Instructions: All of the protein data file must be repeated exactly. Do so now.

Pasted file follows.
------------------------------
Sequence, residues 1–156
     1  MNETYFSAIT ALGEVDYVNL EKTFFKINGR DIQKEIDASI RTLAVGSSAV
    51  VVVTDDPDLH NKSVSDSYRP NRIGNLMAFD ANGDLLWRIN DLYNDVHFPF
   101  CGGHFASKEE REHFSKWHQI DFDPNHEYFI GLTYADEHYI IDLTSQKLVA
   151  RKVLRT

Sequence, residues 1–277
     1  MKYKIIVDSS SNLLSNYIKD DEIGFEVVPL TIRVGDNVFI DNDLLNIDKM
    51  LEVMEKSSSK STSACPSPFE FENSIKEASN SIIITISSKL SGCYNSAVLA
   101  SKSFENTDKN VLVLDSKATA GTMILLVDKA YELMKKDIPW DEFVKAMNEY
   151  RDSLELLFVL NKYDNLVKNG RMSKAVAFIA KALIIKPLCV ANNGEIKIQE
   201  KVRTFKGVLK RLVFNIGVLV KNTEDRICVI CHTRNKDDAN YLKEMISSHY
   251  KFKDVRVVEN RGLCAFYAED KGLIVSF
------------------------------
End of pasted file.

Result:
Sequence, residues 1–156
     1  MNETYFSAIT ALGEVDYVNL EKTFFKINGR DIQKEIDASI RTLAVGSSAV
    51  VVVTDDPDLH NKSVSDSYRP NRIGNLMAFD ANGDLLWRIN DLYNDVHFPF
   101  CGGHFASKEE REHFSKWHQI DFDPNHEYFI GLTYADEHYI IDLTSQKLVA
   151  RKVLRT

Sequence, residues 1–277
     1  MKYKIIVDSS SNLLSNYIKD DEIGFEVVPL TIRVGDNVFI DNDLLNIDKM
    51  LEVMEKSSSK STSACPSPFE FENSIKEASN SIIITISSKL SGCYNSAVLA
   101  SKSFENTDKN VLVLDSKATA GTMILLVDKA YELMKKDIPW DEFVKAMNEY
   151  RDSLELLFVL NKYDNLVKNG RMSKAVAFIA KALIIKPLCV ANNGEIKIQE
   201  KVRTFKGVLK RLVFNIGVLV KNTEDRICVI CHTRNKDDAN YLKEMISSHY
   251  KFKDVRVVEN RGLCAFYAED KGLIVSF